It’s important to include healthy fats in raw dog food! At the same time, the diet can’t be too high in fat because that would cause a vitamin- and mineral deficiency.
Great animal food items that contain healthy fats are eggs from pastured hens, oily fish like thread herring, mackerel, sardines, and lake trout, fish oils like Bonnie & Clyde’s Omega-3 Fish Oil, grass-fed butter, green tripe, eyes and brains.
Where to buy whole fish, eyes, and brains
Where to buy green tripe & fish oil
Amazon carries Bonnie & Clyde’s Omega-3 fish oil.
Plant food items that contain healthy fats are certain nuts and seeds, like walnuts, hemp seeds and chia seeds.
You can find them in most grocery stores, or also on Amazon.
That said, the goal in raw feeding is to feed around 10% fat, especially when you’re only feeding domestic, farmed animals.
Why Dogs Need Healthy Fats In Raw Dog Food
Fats help with the absorption of fat soluble vitamins, supply energy, and build cell membranes. That’s why they’re so important for dogs!
Along with protein and carbs (as fruits and veggies), fats are so-called macronutrients. Those 3 components are the main building blocks of raw dog food, which also makes them the main source of energy and calories.
Other components of raw dog food are vitamins and minerals, as well as trace minerals, the so-called micronutrients.
Fat Content Of Farmed Animals vs Wild Prey Animals
It’s important to understand that the fat content is always higher in farmed, domestic animals than it is in wild prey animals.
Wild prey also contains a different balance of fats (Omega-6 fatty acids vs Omega-3 fatty acids) than domestic animals.
For example, a wild pheasant has a fat content of about 9.3 grams fat, whereas a domestic (=farmed) chicken has a fat content of about 15.1 grams. That said, the wild pheasant is leaner than the farmed chicken.
Wild ducks have about 15.2 fat, while domestic ducks have 39.3 grams fat. Boars who live in the wild have 3.3 grams fat, domestic pork has 21 grams fat. Wild salmon has 6 grams fat, farmed salmon has 8 grams fat. Etc.
You get the idea.
That’s because wild prey eat mainly grasses, berries, nuts, etc, while farmed animals are mainly fed corn, soy, and grains.
Corn and soy are high in omega-6 fatty acids, which increase inflammation within the body.
Additionally, grains increase the amount of fat in the meat and upset the balance of omega-6 and 3 fatty acids.
Likewise, eggs from pasture-fed hens contain up to 10 times more omega-3s than those from factory hens.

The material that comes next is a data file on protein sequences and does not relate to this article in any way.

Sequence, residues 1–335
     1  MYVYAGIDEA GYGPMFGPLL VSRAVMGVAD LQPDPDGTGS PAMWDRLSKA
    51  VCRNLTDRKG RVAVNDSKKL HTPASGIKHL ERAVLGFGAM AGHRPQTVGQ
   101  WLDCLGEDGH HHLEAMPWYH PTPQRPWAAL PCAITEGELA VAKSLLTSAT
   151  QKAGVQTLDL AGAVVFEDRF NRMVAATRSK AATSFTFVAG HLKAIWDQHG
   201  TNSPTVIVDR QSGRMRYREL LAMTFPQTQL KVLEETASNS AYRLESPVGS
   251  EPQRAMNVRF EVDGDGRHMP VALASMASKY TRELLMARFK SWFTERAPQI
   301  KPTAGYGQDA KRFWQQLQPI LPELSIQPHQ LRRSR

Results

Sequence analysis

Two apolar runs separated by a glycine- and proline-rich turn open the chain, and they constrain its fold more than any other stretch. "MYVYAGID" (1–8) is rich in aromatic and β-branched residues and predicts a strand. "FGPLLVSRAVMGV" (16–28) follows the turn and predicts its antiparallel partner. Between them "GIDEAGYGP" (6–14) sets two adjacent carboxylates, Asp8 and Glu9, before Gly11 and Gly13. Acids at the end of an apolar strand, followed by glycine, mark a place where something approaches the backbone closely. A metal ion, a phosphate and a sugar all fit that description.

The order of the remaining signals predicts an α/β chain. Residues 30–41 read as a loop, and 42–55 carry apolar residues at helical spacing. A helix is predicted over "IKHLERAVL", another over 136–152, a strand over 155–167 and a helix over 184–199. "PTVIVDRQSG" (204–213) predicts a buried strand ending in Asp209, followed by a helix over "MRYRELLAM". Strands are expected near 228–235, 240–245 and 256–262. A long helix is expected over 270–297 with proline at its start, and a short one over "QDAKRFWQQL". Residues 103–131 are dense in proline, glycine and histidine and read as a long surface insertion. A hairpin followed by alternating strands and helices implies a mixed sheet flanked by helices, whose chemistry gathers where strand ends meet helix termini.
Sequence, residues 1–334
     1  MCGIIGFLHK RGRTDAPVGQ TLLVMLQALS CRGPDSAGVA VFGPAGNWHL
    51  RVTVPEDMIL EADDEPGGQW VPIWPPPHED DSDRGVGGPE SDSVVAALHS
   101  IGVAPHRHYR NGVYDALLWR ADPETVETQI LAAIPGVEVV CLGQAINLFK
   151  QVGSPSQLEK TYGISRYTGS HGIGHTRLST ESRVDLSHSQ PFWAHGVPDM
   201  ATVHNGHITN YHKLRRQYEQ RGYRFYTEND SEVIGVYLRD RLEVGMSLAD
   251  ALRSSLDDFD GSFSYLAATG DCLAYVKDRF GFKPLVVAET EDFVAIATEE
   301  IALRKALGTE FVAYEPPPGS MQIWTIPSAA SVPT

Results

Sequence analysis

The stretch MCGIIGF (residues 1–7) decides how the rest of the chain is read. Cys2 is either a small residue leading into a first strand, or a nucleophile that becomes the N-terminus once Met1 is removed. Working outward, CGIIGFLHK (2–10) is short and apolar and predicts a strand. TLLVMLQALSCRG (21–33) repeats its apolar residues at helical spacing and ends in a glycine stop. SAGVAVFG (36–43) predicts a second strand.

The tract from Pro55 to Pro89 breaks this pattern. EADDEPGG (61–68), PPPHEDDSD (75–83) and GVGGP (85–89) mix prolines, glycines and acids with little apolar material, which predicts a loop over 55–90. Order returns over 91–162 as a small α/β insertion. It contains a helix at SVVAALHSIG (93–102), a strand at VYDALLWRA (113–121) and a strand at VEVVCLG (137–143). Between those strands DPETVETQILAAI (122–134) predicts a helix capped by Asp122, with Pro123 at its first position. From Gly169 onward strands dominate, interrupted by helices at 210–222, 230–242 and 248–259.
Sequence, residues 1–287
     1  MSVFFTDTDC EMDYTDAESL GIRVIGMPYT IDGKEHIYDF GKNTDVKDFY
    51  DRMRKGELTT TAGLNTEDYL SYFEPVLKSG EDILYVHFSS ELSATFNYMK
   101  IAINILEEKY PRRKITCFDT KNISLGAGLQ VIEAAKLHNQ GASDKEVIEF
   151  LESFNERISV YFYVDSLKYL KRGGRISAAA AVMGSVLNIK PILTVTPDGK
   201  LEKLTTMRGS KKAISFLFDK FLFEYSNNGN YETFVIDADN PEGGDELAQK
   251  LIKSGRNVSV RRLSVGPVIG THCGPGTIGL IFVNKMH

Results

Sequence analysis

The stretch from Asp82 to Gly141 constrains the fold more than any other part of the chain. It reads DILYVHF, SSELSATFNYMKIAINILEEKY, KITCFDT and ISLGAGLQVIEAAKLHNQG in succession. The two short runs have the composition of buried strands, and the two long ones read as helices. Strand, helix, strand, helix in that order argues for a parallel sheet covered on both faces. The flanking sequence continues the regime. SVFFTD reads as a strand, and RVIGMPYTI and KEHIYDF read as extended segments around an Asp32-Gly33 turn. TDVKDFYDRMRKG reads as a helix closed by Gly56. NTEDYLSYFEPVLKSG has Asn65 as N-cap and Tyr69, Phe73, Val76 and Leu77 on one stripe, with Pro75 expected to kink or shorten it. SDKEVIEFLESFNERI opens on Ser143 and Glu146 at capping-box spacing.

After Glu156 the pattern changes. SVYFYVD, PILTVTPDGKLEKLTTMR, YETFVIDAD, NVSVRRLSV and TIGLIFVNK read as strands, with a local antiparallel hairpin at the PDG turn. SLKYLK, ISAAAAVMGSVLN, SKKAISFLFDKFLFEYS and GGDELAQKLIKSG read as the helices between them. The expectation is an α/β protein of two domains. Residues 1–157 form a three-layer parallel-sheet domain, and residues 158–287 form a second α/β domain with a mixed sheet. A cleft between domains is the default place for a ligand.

That’s why it’s much more beneficial to feed organic eggs from hens that aren’t just fed grains.
5 Essential Fatty Acids for Dogs
Let’s talk a little more about essential fatty acids for dogs. 2 of them are Omega-6 fatty acids, and 3 of them are Omega-3 fatty acids. All are polyunsaturated acids (PUFAS).
That said, it’s important to balance those fats because they’re not all the same! That’s actually easy to do when you’re feeding a variety of animals and including wild prey.
For example, poultry, beef, rabbit and venison, and fish. However, if you fed only poultry instead, your dog would be eating a diet that’s too rich in fats.
Here are 2 examples of how you can balance fats: 1/3 chicken necks with skin and fat and 2/3 wild rabbit meat. Or 1/3 chicken thighs with skin and 2/3 wild duck meat or wild venison.
On the contrary, an example of unbalanced fats would be 1/3 chicken necks with skin and fat and 2/3 70% lean ground beef. This would be too much fat!
Omega-6 Fatty Acids Are:
Linoleic Acid (LA)
LA is found in poultry.
Arachidonic Acid (AA)
AA is also found in poultry, lean meats, egg yolks, and fish oil.
Omega-6 fats increase inflammation within the body.
Omega-3 Fatty Acids Are:
Alpha-Linolenic Acid (ALA)
ALA is found in flaxseed oil, fish oil, and eggs.
Eicosapentaenoic Acid (EPA)
EPA is found in cold-water fish oil and phytoplankton.
Docosahexaenoic Acid (DHA)
DHA is also found in cold-water fish oil and phytoplankton, as well as in eggs, brains and eyes.
Omega-3 fatty acids decrease inflammation within the body.
Green tripe has the perfect balance of Omega-3 and Omega-6 fatty acids.
So to sum up, whole, conventionally raised animals are too rich in fat and have unbalanced fats (they’re higher in Omega-6 fatty acids than in Omega-3s).
Whole fish is great to balance the fats in poultry and ruminants (beef, lamb, goat). Use about 1 oz of fish per pound of meat.
You can also use 2 teaspoons of ground hemp seeds together with 1 oz of fish per pound of meat to balance the fats in ruminants.
Likewise, use 3 teaspoons of ground chia or flax seeds together with 1 oz of fish per pound of meat to balance the fats in poultry.